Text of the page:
MARSHMELLOW OVERCOAT – MARSHMELLOW OVERCOAT (no label) Singer and songwriter Tyler Calkins in 2008 began his journey of exploring the songwriting styles of the 1960s and 1970s. That exploration led to the formation of his band vehicle, Marshmellow Overcoat. The Bradford-based group’s self-titled fifth album continues the journey, as Calkins (who sings and plays guitar, piano and harmonica), guitarist Alan Hancock, bassist Jason Wood and drummer Anthony Cavallaro craft catchy numbers rooted in 1960s and 1970s pop songcraft, particularly the Beatles and the Monkees, blended with a contemporary indie-pop edge. Marshmellow Overcoat’s brand of “classic rock for today” is defined by mostly short, punchy, efficient melodies with quick-hitting hooks and payoff choruses, brought forth by Calkins’ raspy, almost Lennon-like lead vocal and the group’s tight, balanced backdrops. Mostly written by Calkins, the lyrics tend toward contemplative and even psychedelic themes. He sings about music as a soaring journey on “Tune of the Turning World,”, and waxes abstract on “Wander and They Fly.” The group lyrically reveals the origin of their name on the title song “Marshmellow Overcoat,” which classic rockers The Band almost used for their own name. Several songs explore the cosmic effects of the ups and downs of love; “The Room Spins Around” muses about the dizzying effects of love, while “Snow Lights” and “River of Stars” explore love’s bliss. However, signals get crossed on “See the Plan,” and broken love is left behind on “I Can’t Help You Anymore” and “Back to Earth.” Marshmellow Overcoat also offers their spin on the traditional number “Cold Rain and Snow” as one of two bonus tracks (the other is a piano version of “Tune of the Turning World”). The performances are tight and the song arrangements are consistent, giving the album a comfortable, even flow from start to end. Recorded and mixed by Rick Gercak at College Park Recorders near Pittsburgh, Marshmellow Overcoat sounds basic and smooth, with the instruments sounding distinct and Calkins’ words ringing through clean and clear. Marshmellow Overcoat understands their musical turf on this album, and again successfully merges classic pop rock songcraft with a fresh, contemporary edge. (The CD can be obtained through the group’s website, www.marshmellowovercoat.com.)

 

LAIKA, THE ASTRO-HOUND – KAIROS (My Idea Of Fun) Named after the famous Soviet canine that became the first animal to orbit the Earth, Johnstown-based foursome Laika, the Astro-Hound explores death and the emotions surrounding it on their latest full-length album, Kairos. Featuring singer, keyboardist and chief songwriter Sean T. Jackson, bassist/singer Dallas Zimmerman, guitarist Matthew Shawley and drummer/electronics performer Gerald Mattis; Laika, the Astro-Hound presents a piano-driven, modern rock/pop sound that recalls the alternative piano rock of Ben Folds Five, as well as the progressive/ambient flavorings of Radiohead and Porcupine Tree. After experiencing the death of his sister, mother, and other friends and relatives, Sean’s lyrics ponder the grieving process, reflections and realizations about appreciating quality time with loved ones. Sean considers the hereafter and where souls go on the opening track “Can You Hear Me,” and the passage of time and life on “End of All Things.” Sean uses a somber Pink Floyd-like vibe to explore symbolism and metaphor on “Family Tree,” and recounts childhood grieving and spiritual awakening on the dreamy “Died at Five.” A space-rock arrangement propels “Life & Nature’s Little Nuances,” and Sean’s lesson about appreciating life’s little things. “Impermanence” realizes that everything is temporary in this world, while “Phone-line to Heaven” yearns to communicate with those who have left us. The songs are intelligent, captivating and cleverly arranged, with Sean’s piano and soaring voice weaving prominent threads through the entire set. His words communicate both his sense of loss, as well as his epiphanies about the cycle of life. Self-recorded and produced, Kairos sounds spontaneous and loose, allowing space for the performances to breathe and stretch with only minimal studio gloss. Laika, the Astro-hound delivers a thoughtful and cohesive set with Kairos, an album of insight and enlightenment that reminds listeners to cherish moments with loved ones and to share love while you are here to do so. (The album can be downloaded for free via the group’s Bandcamp page, or the CD can be obtained through the website www.myideaoffun.org.)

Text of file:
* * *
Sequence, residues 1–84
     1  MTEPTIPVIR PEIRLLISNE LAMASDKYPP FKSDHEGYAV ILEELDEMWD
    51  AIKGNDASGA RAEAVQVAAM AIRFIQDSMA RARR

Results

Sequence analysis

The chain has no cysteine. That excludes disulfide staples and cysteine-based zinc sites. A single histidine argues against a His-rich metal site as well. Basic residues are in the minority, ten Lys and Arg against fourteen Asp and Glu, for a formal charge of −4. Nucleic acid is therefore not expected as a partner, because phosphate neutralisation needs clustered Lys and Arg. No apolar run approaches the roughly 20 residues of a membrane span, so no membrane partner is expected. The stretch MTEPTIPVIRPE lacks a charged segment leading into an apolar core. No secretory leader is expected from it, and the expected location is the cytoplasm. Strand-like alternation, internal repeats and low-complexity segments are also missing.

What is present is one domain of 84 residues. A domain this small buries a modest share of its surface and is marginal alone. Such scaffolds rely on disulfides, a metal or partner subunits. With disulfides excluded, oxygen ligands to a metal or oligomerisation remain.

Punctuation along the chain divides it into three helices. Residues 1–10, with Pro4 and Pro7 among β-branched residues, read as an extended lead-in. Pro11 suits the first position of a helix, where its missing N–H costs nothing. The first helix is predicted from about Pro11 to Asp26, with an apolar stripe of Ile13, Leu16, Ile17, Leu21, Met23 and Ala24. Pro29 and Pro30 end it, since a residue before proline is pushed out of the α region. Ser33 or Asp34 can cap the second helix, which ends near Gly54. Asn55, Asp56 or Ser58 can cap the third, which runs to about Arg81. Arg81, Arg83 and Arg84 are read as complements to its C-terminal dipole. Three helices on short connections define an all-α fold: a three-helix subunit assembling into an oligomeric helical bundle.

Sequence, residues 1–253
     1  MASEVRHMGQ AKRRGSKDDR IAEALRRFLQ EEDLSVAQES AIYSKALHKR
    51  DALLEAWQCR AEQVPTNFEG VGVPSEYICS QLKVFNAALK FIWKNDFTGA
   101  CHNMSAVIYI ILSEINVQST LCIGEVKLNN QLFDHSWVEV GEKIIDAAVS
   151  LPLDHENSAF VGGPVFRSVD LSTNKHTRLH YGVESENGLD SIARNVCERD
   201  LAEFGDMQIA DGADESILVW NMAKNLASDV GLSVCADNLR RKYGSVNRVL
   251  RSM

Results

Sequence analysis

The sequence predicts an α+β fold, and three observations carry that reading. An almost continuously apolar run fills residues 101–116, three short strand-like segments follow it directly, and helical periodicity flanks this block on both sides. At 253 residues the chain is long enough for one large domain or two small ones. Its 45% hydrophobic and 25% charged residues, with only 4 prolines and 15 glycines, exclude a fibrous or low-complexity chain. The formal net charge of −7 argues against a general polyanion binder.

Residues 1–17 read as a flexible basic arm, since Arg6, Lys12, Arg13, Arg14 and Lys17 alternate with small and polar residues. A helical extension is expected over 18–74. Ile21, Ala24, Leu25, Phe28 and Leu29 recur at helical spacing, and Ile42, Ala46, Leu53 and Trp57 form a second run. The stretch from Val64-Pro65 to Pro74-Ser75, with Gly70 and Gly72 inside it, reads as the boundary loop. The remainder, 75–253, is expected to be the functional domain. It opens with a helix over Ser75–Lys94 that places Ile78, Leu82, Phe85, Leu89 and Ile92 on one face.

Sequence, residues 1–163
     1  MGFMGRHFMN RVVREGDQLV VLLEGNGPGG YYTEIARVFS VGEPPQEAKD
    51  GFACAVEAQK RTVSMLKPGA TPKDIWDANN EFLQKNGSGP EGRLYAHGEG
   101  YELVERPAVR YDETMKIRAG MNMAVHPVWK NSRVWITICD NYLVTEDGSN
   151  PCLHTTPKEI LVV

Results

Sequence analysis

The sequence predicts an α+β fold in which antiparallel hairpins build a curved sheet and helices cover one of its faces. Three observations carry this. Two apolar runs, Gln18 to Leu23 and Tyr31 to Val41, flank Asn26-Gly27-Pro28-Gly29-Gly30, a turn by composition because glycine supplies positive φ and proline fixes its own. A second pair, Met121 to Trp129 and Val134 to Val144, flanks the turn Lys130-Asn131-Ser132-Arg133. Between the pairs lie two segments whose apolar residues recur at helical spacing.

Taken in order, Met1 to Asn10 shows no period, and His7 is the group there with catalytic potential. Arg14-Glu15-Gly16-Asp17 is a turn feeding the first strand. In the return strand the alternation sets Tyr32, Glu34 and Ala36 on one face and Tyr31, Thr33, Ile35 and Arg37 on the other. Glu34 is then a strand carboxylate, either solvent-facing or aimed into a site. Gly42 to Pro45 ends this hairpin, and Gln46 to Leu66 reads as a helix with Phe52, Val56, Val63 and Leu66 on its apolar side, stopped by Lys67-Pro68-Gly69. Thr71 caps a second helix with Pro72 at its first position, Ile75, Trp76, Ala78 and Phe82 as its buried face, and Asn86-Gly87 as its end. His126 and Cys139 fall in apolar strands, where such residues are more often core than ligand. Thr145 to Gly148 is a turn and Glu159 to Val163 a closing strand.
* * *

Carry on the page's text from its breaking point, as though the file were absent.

Comments are closed.